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The way Corey Smith sees it, he owes a debt to his fans. And it’s one he is determined to repay with his 10th album, While the Gettin’ Is Good. The project, released on Sugar Hill Records, marks the first time that the singer-songwriter, a wildly popular touring artist who has produced all of his past efforts, has turned over the reins to a bona fide country music producer in Keith Stegall. The result is Smith’s most ambitious record yet, as well as a return on the investment made by the fans who have supported him since his first album in 2003.
“A lot of start-up acts are using fan-funded programs to finance their record. That’s what my whole career has been: Kickstarter before Kickstarter. When my fans show up and buy a ticket and a t-shirt, they’re investing in what I’m doing,” says Corey. “It’s my responsibility to invest it wisely and give them the best album I can. That’s what led me to While the Gettin’ Is Good.”
It’s also what led him to Stegall, who has produced such radio heavyweights as Alan Jackson and Zac Brown Band. It was the producer’s track record, country-music experience and easy-going nature that convinced Corey that he was the man to refine his signature acoustic sound. “Keith knows how to make country records,” he says, “but I wanted to make my kind of country record and he understood that immediately. He simply wanted to get us comfortable in a studio environment so we could do what we do onstage every night. For me, it was very liberating to be able to focus solely on performing and not be burdened by a lot of the decision-making and drilling down that goes into producing. It was the first time I was able to go into the studio and focus on what I do best. Keith was there to handle the rest.”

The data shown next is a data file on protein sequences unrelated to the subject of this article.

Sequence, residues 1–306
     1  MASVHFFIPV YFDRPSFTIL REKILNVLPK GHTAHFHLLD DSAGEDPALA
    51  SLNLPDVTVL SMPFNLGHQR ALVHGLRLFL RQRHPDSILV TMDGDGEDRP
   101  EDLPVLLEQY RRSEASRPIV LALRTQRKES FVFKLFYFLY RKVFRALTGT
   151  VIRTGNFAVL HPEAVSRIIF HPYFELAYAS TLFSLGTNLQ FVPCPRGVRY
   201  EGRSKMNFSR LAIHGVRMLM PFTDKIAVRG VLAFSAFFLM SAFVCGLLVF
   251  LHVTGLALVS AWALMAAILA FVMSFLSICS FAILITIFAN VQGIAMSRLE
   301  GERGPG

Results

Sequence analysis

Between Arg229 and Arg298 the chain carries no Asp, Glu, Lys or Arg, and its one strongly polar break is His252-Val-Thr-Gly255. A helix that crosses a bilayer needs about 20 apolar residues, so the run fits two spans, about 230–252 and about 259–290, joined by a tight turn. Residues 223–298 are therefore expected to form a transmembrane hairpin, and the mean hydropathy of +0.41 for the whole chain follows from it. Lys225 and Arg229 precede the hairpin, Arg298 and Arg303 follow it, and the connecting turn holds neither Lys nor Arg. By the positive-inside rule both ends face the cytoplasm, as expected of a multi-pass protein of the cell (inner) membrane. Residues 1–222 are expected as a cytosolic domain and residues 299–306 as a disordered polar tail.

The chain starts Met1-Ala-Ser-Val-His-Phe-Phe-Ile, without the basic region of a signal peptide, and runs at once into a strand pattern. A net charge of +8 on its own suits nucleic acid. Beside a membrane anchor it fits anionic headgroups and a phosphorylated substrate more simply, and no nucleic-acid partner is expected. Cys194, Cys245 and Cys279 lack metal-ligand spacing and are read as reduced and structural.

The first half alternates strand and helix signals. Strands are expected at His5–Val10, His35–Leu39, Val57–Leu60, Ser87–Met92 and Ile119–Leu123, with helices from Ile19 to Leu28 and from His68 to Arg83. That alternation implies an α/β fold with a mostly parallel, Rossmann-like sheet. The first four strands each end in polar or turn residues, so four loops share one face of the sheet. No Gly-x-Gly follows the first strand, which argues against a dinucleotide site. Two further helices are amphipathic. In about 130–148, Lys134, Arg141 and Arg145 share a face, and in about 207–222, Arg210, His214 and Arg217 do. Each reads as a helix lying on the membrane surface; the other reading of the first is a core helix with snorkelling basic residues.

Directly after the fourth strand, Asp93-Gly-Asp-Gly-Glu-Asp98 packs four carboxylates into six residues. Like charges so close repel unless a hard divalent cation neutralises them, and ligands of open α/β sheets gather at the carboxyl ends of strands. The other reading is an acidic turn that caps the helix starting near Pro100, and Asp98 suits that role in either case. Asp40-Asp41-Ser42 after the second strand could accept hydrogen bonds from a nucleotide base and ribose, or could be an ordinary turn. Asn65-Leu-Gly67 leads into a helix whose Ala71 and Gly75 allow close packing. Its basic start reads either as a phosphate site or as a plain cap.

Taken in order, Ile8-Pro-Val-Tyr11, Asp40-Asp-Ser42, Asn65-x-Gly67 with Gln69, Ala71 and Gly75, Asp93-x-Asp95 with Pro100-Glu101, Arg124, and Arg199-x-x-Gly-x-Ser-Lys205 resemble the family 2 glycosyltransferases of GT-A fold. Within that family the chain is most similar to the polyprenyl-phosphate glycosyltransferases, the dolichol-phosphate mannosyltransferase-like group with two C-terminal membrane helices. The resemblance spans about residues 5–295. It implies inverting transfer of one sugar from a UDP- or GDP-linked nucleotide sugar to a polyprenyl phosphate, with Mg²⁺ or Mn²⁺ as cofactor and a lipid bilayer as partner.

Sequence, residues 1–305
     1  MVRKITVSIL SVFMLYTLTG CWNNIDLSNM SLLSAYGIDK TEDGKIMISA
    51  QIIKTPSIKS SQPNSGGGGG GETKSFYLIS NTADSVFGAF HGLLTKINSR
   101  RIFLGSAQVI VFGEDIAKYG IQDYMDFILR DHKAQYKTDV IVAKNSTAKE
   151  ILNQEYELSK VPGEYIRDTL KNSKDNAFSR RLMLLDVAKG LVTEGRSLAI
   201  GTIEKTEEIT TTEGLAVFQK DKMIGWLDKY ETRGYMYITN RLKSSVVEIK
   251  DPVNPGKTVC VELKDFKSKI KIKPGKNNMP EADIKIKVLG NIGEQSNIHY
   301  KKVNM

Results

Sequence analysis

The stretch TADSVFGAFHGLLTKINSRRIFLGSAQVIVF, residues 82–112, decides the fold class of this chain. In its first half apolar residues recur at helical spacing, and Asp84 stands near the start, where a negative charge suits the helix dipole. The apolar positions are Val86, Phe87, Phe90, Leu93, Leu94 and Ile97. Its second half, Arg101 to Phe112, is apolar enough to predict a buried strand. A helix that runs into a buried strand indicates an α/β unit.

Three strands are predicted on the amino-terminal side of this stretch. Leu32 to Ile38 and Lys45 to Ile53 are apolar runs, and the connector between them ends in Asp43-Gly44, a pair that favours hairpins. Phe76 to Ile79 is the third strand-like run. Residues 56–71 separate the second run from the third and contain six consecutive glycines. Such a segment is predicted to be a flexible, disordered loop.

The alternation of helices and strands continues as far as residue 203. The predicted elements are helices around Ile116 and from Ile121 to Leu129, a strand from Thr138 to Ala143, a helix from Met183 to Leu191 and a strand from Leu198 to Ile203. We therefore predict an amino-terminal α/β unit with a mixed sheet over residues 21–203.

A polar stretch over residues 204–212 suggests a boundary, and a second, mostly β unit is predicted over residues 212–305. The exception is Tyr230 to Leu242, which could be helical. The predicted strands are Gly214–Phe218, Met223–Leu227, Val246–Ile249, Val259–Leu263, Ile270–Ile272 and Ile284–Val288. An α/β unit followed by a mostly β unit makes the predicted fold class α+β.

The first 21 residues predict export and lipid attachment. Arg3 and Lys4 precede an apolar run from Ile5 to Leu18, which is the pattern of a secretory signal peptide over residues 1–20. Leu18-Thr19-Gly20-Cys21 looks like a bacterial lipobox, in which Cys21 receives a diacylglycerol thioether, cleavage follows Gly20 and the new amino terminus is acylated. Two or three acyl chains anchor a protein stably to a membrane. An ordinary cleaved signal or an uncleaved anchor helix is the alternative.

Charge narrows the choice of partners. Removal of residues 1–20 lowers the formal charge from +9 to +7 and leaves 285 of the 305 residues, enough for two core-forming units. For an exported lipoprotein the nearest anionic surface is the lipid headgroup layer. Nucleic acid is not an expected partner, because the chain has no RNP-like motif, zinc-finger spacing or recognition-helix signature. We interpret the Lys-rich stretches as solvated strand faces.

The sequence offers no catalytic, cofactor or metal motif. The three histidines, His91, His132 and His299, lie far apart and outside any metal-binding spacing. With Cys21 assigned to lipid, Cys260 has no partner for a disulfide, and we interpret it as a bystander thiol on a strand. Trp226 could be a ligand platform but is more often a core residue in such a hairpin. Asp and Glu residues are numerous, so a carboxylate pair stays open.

A collection of 12 songs, While the Gettin’ Is Good was written entirely by Corey. As such, it’s a deeply personal album, one that explores themes of love, hometown pride and even personal discovery. A close relative inspired one of the record’s highlights, “Bend,” about learning how to adapt to what life throws at you.
“I wrote ‘Bend’ about a family member who was struggling with issues and I realized through writing this song that I was also talking about myself at the same time,” says Corey, who scored a Top 20 album with The Broken Record in 2011. “So that song really hits home.”
Still, the album stands as the Jefferson, Georgia, native’s most upbeat. Especially on the nostalgic “Pride,” a bouncing look back at Corey’s high school days, from pep rallies to game day. His children attend the same school he did and together they often attend high-school football games, where the one-time social studies teacher sees friendly faces from his past.